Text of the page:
You must develop a clear strategy from the get-go, or you will fail. In addition, if you really don’t know which user segment to target, you may want to consider testing a few segments before singling one out. This will take some time, but it’s better than throwing money and energy on one niche only to find out months later that it’s a dud.

Do a simple Google search or rely on data-heavy apps such as Quora and Tapatalk to identify major forums where your audience or subjects may be discussed. Use the search functions in these apps and type in a few interests to see what types of questions people are asking, and the kind of help they are looking to get from other senior users.

Now let’s take a look at how to use user segmentation to get to the Promised Land:

1.   Use your brand voice to restate what user segments want and are looking for

From the moment that clients-to-be access your site, they should be able to see themselves. A landing page could highlight a series of questions they may be grappling with or a video that presents a simple solution to their problem (with the solution only partly visible).

If you are targeting two or more user segments, don’t forget to ask visitors to enter information about themselves before moving forward. Ask them a few questions to identify which segment they fall into (e.g., age, problem needing solution, geographic area). That way you can put them on a more effective journey within your site.

2. Regardless of segmentation, maintain a focus on a streamlined and usable user experience

Information fatigue is something that’s common in today’s ADHD world. The last thing people want to see the moment they access your site is an avalanche of information that paralyzes them.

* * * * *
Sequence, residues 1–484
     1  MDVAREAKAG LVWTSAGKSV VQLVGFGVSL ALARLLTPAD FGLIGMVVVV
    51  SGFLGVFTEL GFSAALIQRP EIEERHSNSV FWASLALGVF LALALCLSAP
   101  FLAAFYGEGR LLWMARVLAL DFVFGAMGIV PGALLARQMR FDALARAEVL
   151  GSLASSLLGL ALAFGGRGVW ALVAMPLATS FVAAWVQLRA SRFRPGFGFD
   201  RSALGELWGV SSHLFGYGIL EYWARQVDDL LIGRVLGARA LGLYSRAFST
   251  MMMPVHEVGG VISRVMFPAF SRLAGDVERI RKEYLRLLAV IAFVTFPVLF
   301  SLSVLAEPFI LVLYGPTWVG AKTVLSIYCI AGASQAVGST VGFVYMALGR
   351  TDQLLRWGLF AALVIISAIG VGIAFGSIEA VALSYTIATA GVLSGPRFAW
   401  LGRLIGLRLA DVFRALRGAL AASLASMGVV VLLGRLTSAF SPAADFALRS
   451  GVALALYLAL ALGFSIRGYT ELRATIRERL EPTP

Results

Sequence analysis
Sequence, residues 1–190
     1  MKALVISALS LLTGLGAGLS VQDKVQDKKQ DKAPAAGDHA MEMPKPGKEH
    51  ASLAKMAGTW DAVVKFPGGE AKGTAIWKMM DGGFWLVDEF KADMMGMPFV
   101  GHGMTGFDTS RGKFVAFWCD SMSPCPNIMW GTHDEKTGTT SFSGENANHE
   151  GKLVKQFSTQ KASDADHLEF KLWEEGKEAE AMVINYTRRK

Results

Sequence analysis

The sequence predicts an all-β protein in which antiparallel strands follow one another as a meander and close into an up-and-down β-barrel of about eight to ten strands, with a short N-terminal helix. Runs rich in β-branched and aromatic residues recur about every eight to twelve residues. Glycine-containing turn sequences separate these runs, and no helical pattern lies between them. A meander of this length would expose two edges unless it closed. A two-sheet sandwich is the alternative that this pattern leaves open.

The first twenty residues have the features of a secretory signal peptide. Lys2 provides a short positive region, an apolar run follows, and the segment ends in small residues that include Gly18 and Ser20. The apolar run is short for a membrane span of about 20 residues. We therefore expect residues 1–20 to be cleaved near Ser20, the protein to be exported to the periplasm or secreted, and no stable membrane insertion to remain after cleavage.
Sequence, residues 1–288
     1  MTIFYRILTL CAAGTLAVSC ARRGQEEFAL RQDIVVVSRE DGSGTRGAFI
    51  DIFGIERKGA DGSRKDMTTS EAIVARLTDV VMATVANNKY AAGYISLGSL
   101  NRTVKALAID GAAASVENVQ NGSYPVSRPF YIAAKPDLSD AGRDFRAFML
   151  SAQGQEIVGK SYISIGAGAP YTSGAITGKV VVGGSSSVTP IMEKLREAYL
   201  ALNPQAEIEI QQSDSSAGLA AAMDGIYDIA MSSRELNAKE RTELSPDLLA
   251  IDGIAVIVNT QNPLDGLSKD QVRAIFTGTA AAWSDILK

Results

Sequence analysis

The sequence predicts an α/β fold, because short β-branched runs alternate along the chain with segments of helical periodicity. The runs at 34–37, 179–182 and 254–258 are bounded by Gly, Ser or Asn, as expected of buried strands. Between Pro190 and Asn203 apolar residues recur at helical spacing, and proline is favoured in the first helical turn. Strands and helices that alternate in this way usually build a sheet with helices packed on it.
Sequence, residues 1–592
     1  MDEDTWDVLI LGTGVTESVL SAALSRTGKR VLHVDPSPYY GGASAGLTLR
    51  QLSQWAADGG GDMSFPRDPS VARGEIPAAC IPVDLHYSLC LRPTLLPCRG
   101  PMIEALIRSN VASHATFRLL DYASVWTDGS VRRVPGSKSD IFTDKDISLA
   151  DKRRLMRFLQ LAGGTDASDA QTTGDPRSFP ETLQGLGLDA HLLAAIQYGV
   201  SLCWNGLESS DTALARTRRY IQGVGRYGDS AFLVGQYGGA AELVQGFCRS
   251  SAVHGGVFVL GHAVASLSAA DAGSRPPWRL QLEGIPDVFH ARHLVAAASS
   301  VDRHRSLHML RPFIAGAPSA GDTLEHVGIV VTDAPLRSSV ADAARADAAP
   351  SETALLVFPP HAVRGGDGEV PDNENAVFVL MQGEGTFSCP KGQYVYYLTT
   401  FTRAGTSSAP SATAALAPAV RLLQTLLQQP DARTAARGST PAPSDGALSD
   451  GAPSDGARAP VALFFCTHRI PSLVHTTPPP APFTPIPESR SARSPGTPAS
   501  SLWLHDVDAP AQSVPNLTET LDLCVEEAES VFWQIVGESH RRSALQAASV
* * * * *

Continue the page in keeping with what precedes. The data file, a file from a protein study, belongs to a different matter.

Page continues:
Simplicity is the best way to go with regard to segmentation, if not all of marketing. Keep your website clean, uncluttered and matter-of-fact, without compromising on important aspects such as design and interactive ability.

Should you want to share more information on the site, use “read more” hyperlinks as well as a content vault or hub that provides dozens of articles on their specific needs, safely tucked away at a discreet but prominent side of the website.

3. Regularly find out how user segments are changing

If you build it, they will come, right? But how long will they stay? Identifying and attracting the right segment is just the beginning of your content marketing game; you now have to keep these people happy, sated, and engaged.

Ask them what they would like to see more of from your content, and what other problems they may have and are looking to have solved. You can secure this information via an email list that allows for feedback or blog posts that encourage comments and discussion.

In addition, continue to refine the user segments so you can hone in on an even more profitable sub-market, effectively weeding out poorly performing or non-responsive individuals in the bigger niche. Casting a wide net before you narrow it will help you become an expert in your field and the go-to guy online via recommendations by word-of-mouth or social media.


User segmentation is something akin to an art, mixed in with the ability to collect data, all the while being able to feel out people’s psychological motivations.

It is imperative that you get clear on what you want to achieve, the numbers you are looking to target, what your long-term segmentation goals are, and how to preemptively douse any fires you may encounter along the way.

What are some of the challenges you’ve encountered in user segmentation?

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Cover image by Joseph Kalinowski/Content Marketing Institute